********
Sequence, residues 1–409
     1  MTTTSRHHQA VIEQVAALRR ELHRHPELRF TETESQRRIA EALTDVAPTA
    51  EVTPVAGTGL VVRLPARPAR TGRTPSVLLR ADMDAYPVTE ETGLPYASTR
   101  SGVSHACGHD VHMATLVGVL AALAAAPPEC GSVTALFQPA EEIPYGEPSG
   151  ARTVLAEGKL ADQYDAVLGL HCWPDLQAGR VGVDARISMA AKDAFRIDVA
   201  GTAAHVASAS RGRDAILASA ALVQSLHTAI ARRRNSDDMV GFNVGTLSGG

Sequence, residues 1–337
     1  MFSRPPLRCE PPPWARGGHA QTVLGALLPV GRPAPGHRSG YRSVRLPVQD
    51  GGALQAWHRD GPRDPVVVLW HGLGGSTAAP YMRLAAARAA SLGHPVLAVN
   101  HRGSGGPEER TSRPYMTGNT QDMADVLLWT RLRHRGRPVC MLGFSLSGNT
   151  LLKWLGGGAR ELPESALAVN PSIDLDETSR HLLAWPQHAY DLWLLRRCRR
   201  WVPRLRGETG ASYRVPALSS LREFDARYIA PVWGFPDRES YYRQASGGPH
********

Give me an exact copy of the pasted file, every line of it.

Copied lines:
Sequence, residues 1–409
     1  MTTTSRHHQA VIEQVAALRR ELHRHPELRF TETESQRRIA EALTDVAPTA
    51  EVTPVAGTGL VVRLPARPAR TGRTPSVLLR ADMDAYPVTE ETGLPYASTR
   101  SGVSHACGHD VHMATLVGVL AALAAAPPEC GSVTALFQPA EEIPYGEPSG
   151  ARTVLAEGKL ADQYDAVLGL HCWPDLQAGR VGVDARISMA AKDAFRIDVA
   201  GTAAHVASAS RGRDAILASA ALVQSLHTAI ARRRNSDDMV GFNVGTLSGG

Sequence, residues 1–337
     1  MFSRPPLRCE PPPWARGGHA QTVLGALLPV GRPAPGHRSG YRSVRLPVQD
    51  GGALQAWHRD GPRDPVVVLW HGLGGSTAAP YMRLAAARAA SLGHPVLAVN
   101  HRGSGGPEER TSRPYMTGNT QDMADVLLWT RLRHRGRPVC MLGFSLSGNT
   151  LLKWLGGGAR ELPESALAVN PSIDLDETSR HLLAWPQHAY DLWLLRRCRR
   201  WVPRLRGETG ASYRVPALSS LREFDARYIA PVWGFPDRES YYRQASGGPH